Monday, April 11, 2011
Fucked-Up Inbred Super Freaks
I grew up in a town called Miller City, whose founders lacked the foresight to consider that perhaps putting the word "city" in the title should wait until the town was actually, you know, a city (the nearby town of New Cleveland made a similar mistake). It consists of a few bars and a gas station, and is surrounded by similar (but if you ask the locals, totally different and not at all the same) towns that make up the little collective that is Putnam County.
Putnam County is the odd kind of place where people refer to the county as if it's a town. The towns will bicker and fight over petty issues and then rally together and forget past disputes (most of which are over high school sports, which is usually the worst of our problems). We're our own little fucked-up family.
We never have money, and even when we do we still get drunk on school buses and go to hole-in-the-wall bars because it's all we know.
And... now this is going to sound completely irrational, because it is, but there's a way to identify other Putnam County natives. There's something about the combination of facial features and mannerisms and behavior that just make you think this person is one of us. This person is a totally fucked-up redneck like me. There's an aura of sorts, and no matter how much we distance ourselves from the flat landscapes and constantly inebriated people of Putnam County, we just know when we see another one. It can be in Florida. It can be in New York. It can be in Illinois. Even when we try to hide it, wrap ourselves in city clothes and urban habits, that Putnam County aura still manages to unmask us.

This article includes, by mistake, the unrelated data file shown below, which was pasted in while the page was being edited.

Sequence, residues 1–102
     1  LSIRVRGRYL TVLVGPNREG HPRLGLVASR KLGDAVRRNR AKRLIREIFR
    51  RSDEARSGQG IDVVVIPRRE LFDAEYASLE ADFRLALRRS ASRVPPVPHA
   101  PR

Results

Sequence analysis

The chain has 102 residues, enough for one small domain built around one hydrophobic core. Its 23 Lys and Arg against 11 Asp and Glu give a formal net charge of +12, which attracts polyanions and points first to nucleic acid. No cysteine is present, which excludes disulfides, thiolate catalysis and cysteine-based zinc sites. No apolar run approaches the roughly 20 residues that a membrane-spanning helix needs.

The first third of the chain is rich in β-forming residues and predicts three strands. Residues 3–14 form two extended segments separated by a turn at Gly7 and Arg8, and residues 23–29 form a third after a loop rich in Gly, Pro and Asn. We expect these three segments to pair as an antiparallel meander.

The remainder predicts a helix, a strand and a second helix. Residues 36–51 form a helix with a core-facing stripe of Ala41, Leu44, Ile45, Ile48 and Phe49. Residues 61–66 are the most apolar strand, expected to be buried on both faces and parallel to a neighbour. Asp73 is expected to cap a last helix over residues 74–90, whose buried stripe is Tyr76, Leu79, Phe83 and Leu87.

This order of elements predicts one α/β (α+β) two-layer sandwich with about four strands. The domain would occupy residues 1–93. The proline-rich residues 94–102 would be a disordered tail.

This phenomenon is probably the result of generations of inbreeding.
After spring break a new teacher joined us at the youth program I work for. When I first met him I had a suspicion. When he started talking I knew.
He is one of us. He's experienced the isolation and social structure of Putnam County and it is permanently hardwired into his brain and will show itself in the tone of every word and every move of a muscle.
But I can't just say these things, because that would be weird. I can't just tell someone that something about the way they hold their head indicates where they were raised. I've been trying to be more socially acceptable lately, and it's difficult for me, but I'm pretty sure saying something like "You're from Putnam County right? I can tell because of your brow-structure and posture" isn't okay. Ever.
A week later we were talking about where we were from.
"A place called Miller City," I said, "South of Toledo, nobody's heard of it."
"I'm from Fort Jennings," he said with a laugh. Fort Jennings is part of the collective.
It's a small, fucked-up, inbred world.
Home is just part of the freak show.
Posted by Justin at 11:48 AM